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Boaz, Alabama Home Page Visit New Quest City for information regarding what to do in Boaz and other cities in Alabama. We provide links to Craigs List, EBay, and other popular sites related to Boaz. Check the weather, find a REALTOR, and plan your trip. Don't forget to check our classifieds or participate in our forum.
Visit New Quest City for information regarding what to do in Boaz and other cities in Alabama. We provide links to Craigs List, EBay, and other popular sites related to Boaz. Check the weather, find a REALTOR, and plan your trip. Don't forget to check our classifieds or participate in our forum.
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I hope you have had a successful Fall Semester. As the Alabama state chair for the National Band Association, I would like to recognize ensembles in our state that perform at any Regional or National events this year. Please let me know if your marching or concert groups have had or will have an opportunity such as this in 2013-14. In our NBA meetings at the Midwest Clinic in Chicago, I would like to share the great music making and teaching that is going on across our state.
I am also writing to encourage your participation and membership in this important professional organization. If you are unfamiliar with the NBA, it was founded in 1960 and promotes the musical and educational significance of bands. It is dedicated to the attainment of the highest levels of excellence for bands and band music. We are living and working in a time where advocacy for bands is extremely important, and the NBA is solely focused on the promotion of this single artistic medium. The organization does not limit membership to a certain style or level of band participation, but is open to all teachers and performers that wish to advance the art form.
On a national level, the NBA has numerous projects that help advance band music and education. The organization provides all members with the official NBA magazine, The Instrumentalist. The NBA also publishes the NBA Journal and provides an online directory to help communication and collegiality among band directors. Members also have access to a selective concert band music list to aid with programming. The organization holds national and regional conventions and sponsors the Revelli Composition Contest, the Merrill Jones Young Composers Contest, the International Conducting Symposium, and the Young Composer and Conductor Mentor Projects. These are just a few of the NBA projects that help develop excellence in band performance at all levels and provide an avenue for the enhancement of band literature.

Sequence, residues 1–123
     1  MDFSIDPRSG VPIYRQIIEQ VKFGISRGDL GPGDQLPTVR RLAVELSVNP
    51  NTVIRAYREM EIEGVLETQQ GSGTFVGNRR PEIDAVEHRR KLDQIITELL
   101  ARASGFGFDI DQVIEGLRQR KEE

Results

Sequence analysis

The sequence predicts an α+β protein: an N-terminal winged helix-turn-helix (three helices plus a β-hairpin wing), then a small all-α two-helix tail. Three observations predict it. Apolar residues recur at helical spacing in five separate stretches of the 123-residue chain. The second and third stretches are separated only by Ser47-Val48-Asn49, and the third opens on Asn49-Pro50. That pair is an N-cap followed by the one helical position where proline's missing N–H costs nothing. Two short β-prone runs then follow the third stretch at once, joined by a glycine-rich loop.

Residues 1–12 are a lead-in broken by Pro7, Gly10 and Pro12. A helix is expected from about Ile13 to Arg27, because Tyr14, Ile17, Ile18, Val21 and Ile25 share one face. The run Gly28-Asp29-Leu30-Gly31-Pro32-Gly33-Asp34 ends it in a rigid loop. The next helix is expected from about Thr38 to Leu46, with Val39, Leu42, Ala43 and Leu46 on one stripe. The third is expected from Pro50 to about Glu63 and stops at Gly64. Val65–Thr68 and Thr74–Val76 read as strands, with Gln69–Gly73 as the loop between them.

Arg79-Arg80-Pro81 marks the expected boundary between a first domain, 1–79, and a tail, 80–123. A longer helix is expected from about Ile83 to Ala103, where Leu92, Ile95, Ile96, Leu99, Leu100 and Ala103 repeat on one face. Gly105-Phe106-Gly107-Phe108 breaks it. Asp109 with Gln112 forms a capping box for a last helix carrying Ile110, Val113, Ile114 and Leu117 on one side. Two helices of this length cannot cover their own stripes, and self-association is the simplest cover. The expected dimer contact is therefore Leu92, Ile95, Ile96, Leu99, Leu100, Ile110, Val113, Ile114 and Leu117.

On the state level, NBA presents awards at the AMEA conference and other state and regional events to recognize outstanding achievement in band performance and education. Should you become a member of NBA, you would be eligible to nominate and present some NBA awards in your county/district as well as within your own band program. This is a great way to honor a deserving colleague or student in your band or in your area. A listing of these awards, which are all free to members, can be found at: http://www.nationalbandassociation.org/awards. When needed and requested, the Alabama membership of NBA also sponsors events (honor bands, clinics, guest performers, etc...) that help further the development and recognition of bands in our state. It is my goal to increase the Alabama membership in NBA by 15% so that we may be able to offer more services to our state directors and programs. I would love to hear your suggestions regarding ways that NBA can better serve your needs in the state.
I know there are many options for professional membership in our field, but NBA is dedicated to your needs as band director. If you would like to become a member, dues are $55 and there are numerous benefits other than supporting your profession:
* The Instrumentalist - official monthly magazine, sent to all active members.
* The NBA Journal - published three times yearly (May, October (NBA insert in The Instrumentalist) & December)
* Access to all areas of the NEW NBA web site, www.nationalbandassociation.org including selective music lists, professional advice, conducting and composition projects, awards, grants, and much more.
You can join online or print out a form and mail in the application for membership: http://www.nationalbandassociation.org/join/
The NBA is a wonderful organization of professional music educators. I do hope you¹ll plan to join this worthwhile organization today, and I look forward to seeing your name added to our statewide roster. If you have any questions, please let me know.
Dr. Corey Spurlin
NBA Alabama State Chair
Director, Auburn University Marching Band
Associate Professor of Music